Egypt’s pro, anti-Morsi Demonstrators Settle in for the Long Game

Friday saw large demonstrations in Cairo and several other cities by Muslim Brotherhood members demanding the reinstatement of deposed Egyptian President Muhammad Morsi.

Those who are happy to see him gone, including millions of youth of the Rebellion Movement, Coptic Christians, working class people hurt by his economic policies, and Mubarak regime leftovers, have less reason to demonstrate, since they have what the want. Still, some came out to Tahrir Square in Cairo to show support for the transition to a new, elected government. In some provincial cities, there were clashes between the two groups, and a few deaths were reported.

At one point, thousands of Muslim Brothers surged toward the barracks of the Republic Guard, where Morsi is rumored to be held, but their path was blocked by the Egyptian military.

Meanwhile, U.N. High Commissioner for Human Rights, Navi Pillay, has been pressing the interim Egyptian government for answers as to why Dr. Morsi is being imprisoned and whether he will be charged and tried.

One of the most troubling aspects of the movement that overthrew Morsi was that it eventuated in a military coup (not what the youth were demanding) rather than in a recall election. That is, the Rebellion/ Tamarrud Movement just wanted a new election in which Morsi had to defend his right to the presidency, after a year in which he acted arrogantly and high-handedly. The military in turn has arrested a number of Muslim Brother leaders and is holding them without charge and without any early prospect of being charged or tried. All this extra-legal detention is likely intended to put pressure on the Brotherhood to accept what I have called the ‘revocouption’ with grace. But it is also weakening the rule of law in Egypt, which needs to be restored.

The huge crowds on Friday were intended to signal that the Brotherhood has no intention of accepting the change in government.

Euronews reports:

The Muslim Brotherhood demonstrations came soon after Egypt’s appointed interim president, Adly Mansour, gave his first major address to the nation:

AFP reports:

There is no reason to think that the Muslim Brotherhood will cease demonstrating any time soon, though to be fair, the interim authorities say they do not have a problem with that if it remains peaceful. If Egypt really goes back to having elections for serious candidates, it seems clear that the Brotherhood can only remain relevant by swallowing their pride and contesting. Egypt can only go forward by allowig that peaceful contestation.

4 Responses

  1. It would seem like the model endorsed by the National Salvation Front and the Tamarod movement could pose a greater threat to the Saudi and other Gulf state governments. They are further from those monarchies in terms of viewpoints than the Brotherhood is, and have shown an ability to challenge autocracy in ways that would be be quite threatening for those governments. While the felul and some other groups have shared objectives with the Gulf states, there is little to no community of interests between the Egyptian youth movements and such dictatorships.

    There already is now a Tamarod Bahrain movement that is urging mass demonstrations on August 14. The GCC’s rhetoric will continously look more inconsistent and Orwellian as it proves impossible for them to steer the direction of the region’s future. The demographic profile of the Middle East and North Africa makes further drastic changes inenvitable.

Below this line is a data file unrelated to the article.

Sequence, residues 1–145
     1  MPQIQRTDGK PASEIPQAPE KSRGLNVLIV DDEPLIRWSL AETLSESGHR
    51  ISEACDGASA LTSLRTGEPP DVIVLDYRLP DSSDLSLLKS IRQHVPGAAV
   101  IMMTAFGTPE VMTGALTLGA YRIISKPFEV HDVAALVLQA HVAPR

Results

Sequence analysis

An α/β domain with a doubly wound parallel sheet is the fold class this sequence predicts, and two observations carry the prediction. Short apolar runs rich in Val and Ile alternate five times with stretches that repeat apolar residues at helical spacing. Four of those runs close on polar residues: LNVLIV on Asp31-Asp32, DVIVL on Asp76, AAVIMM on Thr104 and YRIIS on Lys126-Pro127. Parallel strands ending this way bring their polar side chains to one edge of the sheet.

If Saudi, Emirati, and other dissidents increasingly look to Tamarod or to Tunisia, the aristocracies of those states may come to miss the time when they believed that the Brotherhood was the main or only threat to their own dominance.

    • Call me a cynic but I disagree. Saudi and the GCC have money and can buy their way out of dissent of a revolutionary kind for the foreseeable future. The GCC’s rhetoric has been inconsistent and hypocritical for decades, just like any other political rhetoric, but nobody cares. The Rebel movement did not challenge a real autocracy, it challenged the weak, democratically elected ruler of a bankrupt state with the army on its side. Saudi isn’t bankrupt, the masses aren’t starving and the military is not on the side of a secular protest movement. It will be going nowhere.

  2. >> One of the most troubling aspects of the movement that overthrew Morsi was that it eventuated in a military coup (not what the youth were demanding) rather than in a recall election. That is, the Rebellion/ Tamarrud Movement just wanted a new election in which Morsi had to defend his right to the presidency, after a year in which he acted arrogantly and high-handedly

    REALLY !!!! What a surprise INDEED !!!!!

  3. The longer that Morsi is held, the more questions arise. As this article notes, both he and the arrested M.B. members are entitled to a trial – but … on what charge? The notion of putting him on trial for busting out of jail during the last days of the Mubarak era seems really lame.

    I have another question – this is a bit off topic – but what do people think of the new Egyptian govt’s attack on the Gaza supply tunnels? They seem to be eager to step up the blockade, and it is really affecting the people of Gaza. Also, an Egyptian military helicopter overflew Gaza and buzzed Rafah – they say it was by accident – which of course I do not believe.

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